OLBERMANN: People that providers have hired, that's - that's you, Senator, who took $174,000 from big pharma and medical suppliers in the last five years. And your bosses, Senator Roberts, they already know what your committee is doing.

"Roll Call" is reporting that pharma's top priority, killing a proposal, quote, "to pay lower rates for prescription drugs" - which you opposed. Heck of a job, Robbie!

Today, Democrats called out Republicans for their delay tactics. Arizona's Jon Kyl took umbrage of the acquisition, even though he had just admitted he was saying the same thing, quote, "As I pointed out in my opening statement, I wanted to quote, note one example I gave." In a clip you're about to see, he acknowledges a third time he already pointed out what he is yet to say - in other words, he quotes his own words which he had already said at the same committee but still angrily denies he's filibustering.


KYL: What's one of the cost drivers? Well, I pointed out a study.

BAUCUS: Senator.

KYL: . that said that a hundred.

BAUCUS: Senator, we get the point.

KYL: Mr. Chairman, let me just complete my thought here.

BAUCUS: In about one minute, you'll complete your thought. OK, we got to.

KYL: I'll complete my thought and then make another point, Mr.


BAUCUS: You're delaying, Senator, and we just have to move on.

KYL: Mr. Chairman, I am not delaying. I'm making an extremely important point.

BAUCUS: It's very, very important point, but you're also delaying.

So, let's - other senators have amendments they wish to offer?


BAUCUS: Just go ahead, complete your thought, then I'm going to have to recognize other senator, in deference to and courtesy - be courteous to other senators who also want.

UNIDENTIFIED MALE: Mr. Chairman, it's courteous if you don't interrupt somebody right in the middle of the sentence of an important point they're trying to make.


OLBERMANN: You know, I last eight minutes in elected office.

Falling himself away from the finance committee festival of amendments tonight - West Virginia Democratic Senator Jay Rockefeller, who chairs the subcommittee on health care.

Great, thanks for your time tonight, Senator.

SEN. JAY ROCKEFELLER (D), WEST VIRGINIA: Thanks, Keith. I was there.

I didn't realize it was that bad.


OLBERMANN: It was that bad.

"Politico" reporting tonight that the blue dog Democrats in the House want to delay their floor vote until after the Senate has its bill completed. Does that shed any light on what you have called the substantial slow walk in your own committee?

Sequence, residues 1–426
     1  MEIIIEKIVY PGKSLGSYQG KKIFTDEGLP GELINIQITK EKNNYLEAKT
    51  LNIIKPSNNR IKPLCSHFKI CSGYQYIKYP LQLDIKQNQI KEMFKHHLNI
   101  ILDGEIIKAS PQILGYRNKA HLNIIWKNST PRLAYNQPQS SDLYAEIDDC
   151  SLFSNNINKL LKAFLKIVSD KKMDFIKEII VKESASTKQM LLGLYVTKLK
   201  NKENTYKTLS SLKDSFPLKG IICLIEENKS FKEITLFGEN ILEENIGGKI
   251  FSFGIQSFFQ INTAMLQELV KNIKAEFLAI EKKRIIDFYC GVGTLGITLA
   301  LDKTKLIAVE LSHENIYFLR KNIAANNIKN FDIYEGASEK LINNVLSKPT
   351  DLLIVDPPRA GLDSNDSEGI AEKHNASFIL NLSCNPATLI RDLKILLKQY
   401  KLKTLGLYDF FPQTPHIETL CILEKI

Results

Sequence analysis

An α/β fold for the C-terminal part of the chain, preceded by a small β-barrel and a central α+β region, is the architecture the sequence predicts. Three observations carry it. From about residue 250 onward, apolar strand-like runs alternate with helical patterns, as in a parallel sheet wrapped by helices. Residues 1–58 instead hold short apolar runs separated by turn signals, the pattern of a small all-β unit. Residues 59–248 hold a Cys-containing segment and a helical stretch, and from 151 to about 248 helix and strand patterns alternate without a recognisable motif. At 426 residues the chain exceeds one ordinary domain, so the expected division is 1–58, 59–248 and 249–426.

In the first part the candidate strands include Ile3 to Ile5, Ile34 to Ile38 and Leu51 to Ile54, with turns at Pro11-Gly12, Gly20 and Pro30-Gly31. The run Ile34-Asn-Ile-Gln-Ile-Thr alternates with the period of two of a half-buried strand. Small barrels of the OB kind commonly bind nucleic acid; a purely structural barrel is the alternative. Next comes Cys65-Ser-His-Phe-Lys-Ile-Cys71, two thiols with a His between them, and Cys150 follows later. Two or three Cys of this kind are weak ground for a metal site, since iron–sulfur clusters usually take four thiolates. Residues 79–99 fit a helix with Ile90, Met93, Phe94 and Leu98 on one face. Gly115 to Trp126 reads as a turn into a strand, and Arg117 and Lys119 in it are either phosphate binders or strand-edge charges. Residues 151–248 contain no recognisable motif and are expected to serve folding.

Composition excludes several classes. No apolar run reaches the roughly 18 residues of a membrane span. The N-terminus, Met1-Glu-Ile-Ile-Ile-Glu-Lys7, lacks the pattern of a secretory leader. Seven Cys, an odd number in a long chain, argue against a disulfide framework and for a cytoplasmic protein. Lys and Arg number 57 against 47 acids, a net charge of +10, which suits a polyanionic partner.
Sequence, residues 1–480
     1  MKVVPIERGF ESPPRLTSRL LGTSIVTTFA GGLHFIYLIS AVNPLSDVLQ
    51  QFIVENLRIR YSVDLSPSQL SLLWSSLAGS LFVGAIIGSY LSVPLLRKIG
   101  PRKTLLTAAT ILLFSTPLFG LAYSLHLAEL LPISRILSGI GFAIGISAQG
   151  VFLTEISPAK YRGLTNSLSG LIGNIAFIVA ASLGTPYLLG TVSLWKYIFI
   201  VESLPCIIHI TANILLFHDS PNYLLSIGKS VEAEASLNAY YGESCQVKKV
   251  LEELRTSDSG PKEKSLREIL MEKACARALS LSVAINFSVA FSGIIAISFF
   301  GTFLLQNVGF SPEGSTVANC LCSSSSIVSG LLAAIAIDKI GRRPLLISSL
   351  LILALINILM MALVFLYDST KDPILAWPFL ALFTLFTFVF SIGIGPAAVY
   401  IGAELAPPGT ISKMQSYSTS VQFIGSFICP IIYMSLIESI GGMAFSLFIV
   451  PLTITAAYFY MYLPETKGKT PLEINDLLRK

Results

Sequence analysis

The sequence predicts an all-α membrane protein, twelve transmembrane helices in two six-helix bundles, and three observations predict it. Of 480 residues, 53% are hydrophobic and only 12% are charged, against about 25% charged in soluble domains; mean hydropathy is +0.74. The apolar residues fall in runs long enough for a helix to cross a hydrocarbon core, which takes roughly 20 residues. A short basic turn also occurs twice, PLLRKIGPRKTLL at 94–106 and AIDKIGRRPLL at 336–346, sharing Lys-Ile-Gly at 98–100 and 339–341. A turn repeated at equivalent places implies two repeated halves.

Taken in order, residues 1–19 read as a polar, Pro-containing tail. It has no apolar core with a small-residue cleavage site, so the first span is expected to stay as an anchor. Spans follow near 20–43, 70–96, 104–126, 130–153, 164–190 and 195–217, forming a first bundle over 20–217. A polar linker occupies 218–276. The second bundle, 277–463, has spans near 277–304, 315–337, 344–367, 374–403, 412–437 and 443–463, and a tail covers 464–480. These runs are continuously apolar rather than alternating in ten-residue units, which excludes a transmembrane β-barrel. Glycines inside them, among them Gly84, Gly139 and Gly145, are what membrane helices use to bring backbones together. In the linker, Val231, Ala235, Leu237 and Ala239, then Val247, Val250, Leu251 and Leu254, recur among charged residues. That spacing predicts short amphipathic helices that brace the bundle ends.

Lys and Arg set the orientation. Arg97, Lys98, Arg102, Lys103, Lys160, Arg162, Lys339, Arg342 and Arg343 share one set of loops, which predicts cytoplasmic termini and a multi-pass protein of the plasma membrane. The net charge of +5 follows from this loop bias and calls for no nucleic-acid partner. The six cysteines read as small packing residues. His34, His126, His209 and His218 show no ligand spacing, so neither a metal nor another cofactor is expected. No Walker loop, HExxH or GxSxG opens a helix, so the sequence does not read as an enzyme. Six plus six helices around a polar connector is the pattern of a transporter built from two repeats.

ROCKEFELLER: No, because we don't have any blue dogs on our committee. We have Republicans - and that more than makes up for it.

It is absolutely extraordinary. I think the average amendment that the Republicans offered, or ones that they were trying to beat down that we offered took up one hour in which people talked endlessly, endlessly, endlessly. And I've never seen anything like it, but I just love the way you put that together into a montage that just showed how really pathetic it was.

Under the guise of doing something that the nation desperately needs, which is to lower the cost of health care and raise the quality of health care. And which is what the public option is all about. That will happen tomorrow. And what they will try to do with that, you probably ought to have a couple of shows on.

OLBERMANN: Well, fortunately we do. "Roll Call" is reporting tonight on the subject of the public option that you don't seem to have - by their tally - the votes to get the public option into your bill when that amendment comes up tomorrow. There was a telephone news conference tonight in which you said you have a good shot, but you did not explain why you think that. So I think the obvious question here is, why do you think that?

ROCKEFELLER: Well, one reason I think that is that near the end of today's earlier session, we passed something 15-3, which everybody said would never, ever pass the Senate Finance Committee. And that is something called MedPAC, which takes away from the lobbyists and takes away from the senators and congressmen. The right to set reimbursement rates for hospitals, doctors, and all of the rest. That needs to be done professionally.

Right now, it's a political exercise, a fund-raising exercise, and it's shameful. And, you know what? Everybody went along with it. You know, maybe they were just ashamed not to, I don't know. But the amendment passed. So, to me, nothing is impossible, and that particularly includes the public option.

OLBERMANN: Shame works under these circumstances, as I'm sure you know. Senator Roberts said - he openly said this - that he wants the medical companies to have a chance for their people to go over the final legislative language. Why big companies, specifically?